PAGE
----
Chief among these efforts is the W Series, an all-female Formula 3 championship series which began last season. Its inaugural champion was Britain’s Jamie Chadwick, who has a very reasonable claim to be the leading female racing driver in the world today. At the very least, she is the one who is probably the right age for a proper tilt at becoming a Grand Prix driver. This season’s W Series will be eligible for Super Licence points, too – another important step in the right direction.

Chadwick is not just a good female racing driver, mind you. She is a good racing driver, period: quite happy to hold her own in any competitive field she comes across. Part of the Williams team’s development program, Chadwick could be just a few good seasons away from making history: no British woman has ever started a Formula 1 World Championship event.

The W Series’ debut season established a few things that we already knew: dominated by Jamie Chadwick, Alice Powell, Beitske Visser and Emma Kimilainen. But it also threw up a few exciting new prospects, none more so than Spain’s Marta Garcia. She was the only other driver in the series to win a race, but even more significantly it came on the back of several other excellent performances. Like Chadwick, Garcia will contest the W Series again in 2020. Like Chadwick, there’s a chance the Super Licence points on offer could come in handy down the line.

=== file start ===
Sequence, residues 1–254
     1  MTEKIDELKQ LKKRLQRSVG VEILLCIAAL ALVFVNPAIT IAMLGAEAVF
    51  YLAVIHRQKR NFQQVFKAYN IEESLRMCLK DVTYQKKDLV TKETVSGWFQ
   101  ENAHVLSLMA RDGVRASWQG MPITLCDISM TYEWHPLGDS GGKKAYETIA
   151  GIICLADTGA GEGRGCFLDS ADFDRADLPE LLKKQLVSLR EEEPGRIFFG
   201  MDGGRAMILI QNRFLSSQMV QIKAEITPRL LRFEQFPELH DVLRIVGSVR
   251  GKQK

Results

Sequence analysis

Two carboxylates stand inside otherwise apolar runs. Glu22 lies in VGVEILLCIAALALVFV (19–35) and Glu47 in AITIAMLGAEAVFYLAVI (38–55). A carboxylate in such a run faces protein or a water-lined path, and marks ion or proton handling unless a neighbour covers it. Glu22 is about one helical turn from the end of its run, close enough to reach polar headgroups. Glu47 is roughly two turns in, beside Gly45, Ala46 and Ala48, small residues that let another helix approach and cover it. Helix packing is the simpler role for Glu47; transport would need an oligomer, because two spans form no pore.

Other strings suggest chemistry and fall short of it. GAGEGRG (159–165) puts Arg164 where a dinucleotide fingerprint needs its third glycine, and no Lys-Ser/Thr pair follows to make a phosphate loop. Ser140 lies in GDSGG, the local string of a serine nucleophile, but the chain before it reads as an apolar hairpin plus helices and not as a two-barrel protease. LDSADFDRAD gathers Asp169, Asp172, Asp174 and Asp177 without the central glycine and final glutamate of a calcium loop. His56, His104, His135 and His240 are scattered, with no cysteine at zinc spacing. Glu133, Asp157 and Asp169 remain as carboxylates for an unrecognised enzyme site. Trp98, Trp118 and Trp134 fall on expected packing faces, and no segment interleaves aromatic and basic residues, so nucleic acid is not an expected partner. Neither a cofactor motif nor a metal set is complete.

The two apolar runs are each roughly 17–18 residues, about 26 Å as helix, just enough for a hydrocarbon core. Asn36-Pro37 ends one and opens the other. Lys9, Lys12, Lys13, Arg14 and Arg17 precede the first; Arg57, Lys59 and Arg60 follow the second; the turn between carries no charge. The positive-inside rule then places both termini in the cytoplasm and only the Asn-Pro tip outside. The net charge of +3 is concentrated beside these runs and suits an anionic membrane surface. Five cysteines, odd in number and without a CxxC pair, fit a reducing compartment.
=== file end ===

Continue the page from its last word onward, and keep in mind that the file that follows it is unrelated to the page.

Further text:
F1 AFFLIATES aka “in the tent pissing out”

 

DAN TICKTUM (born 1999) ★★★★

Dan Ticktum, British racing driver
Dan Ticktum, ready for anything. In this case, he was about to wrestle a bear.

Dan Ticktum is a mercurial character, even considering that he operates in a sport where mercurial characters are not particularly difficult to find. On one hand, he has proven himself time and again to be exceptionally quick, winning the Formula 3 race at the Macau Grand Prix in both 2017 and 2018. On the other hand, there are serious question marks about his temperament.

Ticktum first came to wider prominence when he received a year-long ban from motor racing. Having been bunted out of a Formula 4 race at Silverstone by Ricky Collard, Ticktum recovered his car and then overtook his way back through the pack (which was at the time circulating behind the safety car) in order to exact like-for-like retribution.